Section V girls lacrosse flexes impressive muscle with state tournament performance
The 2022 Section V girls lacrosse season was a long time coming.
Last spring? The season was played, but it was late and it ended after the Section V Tournament. The spring before that? It never got off the ground as we dealt with the onset of the COVID-19 pandemic.
That’s why 2022 was so special because win or lose, we had a full season for the first time since 2019. We had games, we had spectators, we had a Section V Tournament and after that, state championships.
It was nice to be back and speaking of back, let’s take a look at the 2022 season that just wrapped up last weekend.
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Herb Fitch Senior Games
Before we shift into reverse, let’s point to a final opportunity for local lacrosse this spring: The Herb Fitch Senior Games on Wednesday, which will be played at Victor High.
The Rochester Chapter of USA Lacrosse selected rosters for boys and girls games, which will be played at 6 p.m. (girls) and 8 p.m. (boys). More than 50 graduating seniors were nominated for each game. Tickets are $5 and students 18 or younger are admitted for free.
The games honor the memory of Hall of Famer Herbert T. Fitch, who was involved with lacrosse as a player, coach and official for more than 45 years after his playing career at Hobart College (1938-1942).
Class A recap
There hasn’t been a lot of variation in Class A when it comes to champions. Since 2010, there have been two different champs in Pittsford (8) and Penfield (3). The other constant? Rush-Henrietta has lost in three Class A finals.
That changed this spring when the Royal Comets finally broke through with a 9-3 win over Pittsford in the Section V final for their first title since 2008. R-H did it with an impressive balance on offense that had eight players in double figures for goals and an athletic midfield unit that won draws and outhustled opponents for ground balls to win possessions.
Pittsford and R-H have played each other in the last three Class A finals and that may not change anytime soon. R-H graduates just four players from this year’s team and Pittsford loses just five. Fairport usually figures in the mix here as well and the Raiders graduate just four after a season in which two freshmen and a sophomore were the top three scorers for the team.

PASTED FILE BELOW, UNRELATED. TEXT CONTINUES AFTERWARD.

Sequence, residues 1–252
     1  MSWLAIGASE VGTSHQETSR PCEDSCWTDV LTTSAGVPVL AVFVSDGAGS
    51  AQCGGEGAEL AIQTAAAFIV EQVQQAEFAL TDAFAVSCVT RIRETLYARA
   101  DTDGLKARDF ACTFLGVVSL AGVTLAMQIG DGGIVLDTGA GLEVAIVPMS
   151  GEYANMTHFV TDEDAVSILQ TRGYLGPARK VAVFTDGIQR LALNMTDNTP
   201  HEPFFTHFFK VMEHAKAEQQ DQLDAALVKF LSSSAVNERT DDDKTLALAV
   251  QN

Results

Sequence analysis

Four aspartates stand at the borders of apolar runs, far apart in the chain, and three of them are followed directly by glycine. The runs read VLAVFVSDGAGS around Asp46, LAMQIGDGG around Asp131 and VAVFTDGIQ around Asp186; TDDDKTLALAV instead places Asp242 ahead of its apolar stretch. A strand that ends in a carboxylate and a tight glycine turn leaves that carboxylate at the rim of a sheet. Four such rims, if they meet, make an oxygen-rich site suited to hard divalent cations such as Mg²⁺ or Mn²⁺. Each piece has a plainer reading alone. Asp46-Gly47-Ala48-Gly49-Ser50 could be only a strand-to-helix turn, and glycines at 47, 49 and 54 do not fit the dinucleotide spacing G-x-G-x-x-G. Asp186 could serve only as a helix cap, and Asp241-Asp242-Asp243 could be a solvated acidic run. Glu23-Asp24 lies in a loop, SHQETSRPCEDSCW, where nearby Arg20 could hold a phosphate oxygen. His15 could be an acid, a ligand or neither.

Class B recap
Coming into 2022, defending champ Canandaigua and Victor figured to duke it out for the title and that’s what happened. Mercy and Brighton tried to make statements but the Braves and Blue Devils were simply too strong for the rest of the field.
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With 12 seniors on the roster, Victor was the favorite. Especially when eight of those 12 are committed to Division I NCAA schools and two more are heading to Division II schools. Coach Niki Frunzi corralled all the talent and molded it into a cohesive machine that more often than not overwhelmed opponents.
The Blue Devils won their postseason games by 14, 13, 4, 14, 8 and 9 goals and left no doubt after each one. They forced running clocks in their last three postseason games and the 14-5 win over Queensbury on Saturday gave the Blue Devils their first state title in school history.
Victor did so much so well this spring but if anything about the team stands out, it is the offensive threat of Eva Pronti. The Duke-bound senior was a double-edged sword in that her ability to drive from behind the cage commanded attention and often drew a double from opponents. If she found herself one-on-one, she continued that drive to score 67 goals. But if the double came, she pulled back to find any number of vertical cutters to hand out 85 assists and establish herself as one of the most dangerous offensive weapons in Section V, if not the state of New York.
The graduation hit for Victor is big but the Blue Devils will return in 2023 with one of the top players in Section V with Devin Livingston along with talent at the younger levels that some are saying will keep the Blue Devils on top for years to come.
But nothing in Class B will be handed out easily. Canandaigua, a rival that arguably gave Victor two of its toughest games in the regular season, graduates just four players and returns two of its top three scorers but will need to find someone to replace elite midfielder Abbey Herod.
Brighton graduates six players but has a top talent in freshman Ireland Mistretta and Mercy should have five players back who scored 20 or more goals this spring.
Class C recap
This has been the domain of Honeoye Falls-Lima for 10 straight seasons and with just four seniors graduating, an 11th straight title is not a stretch for 2023.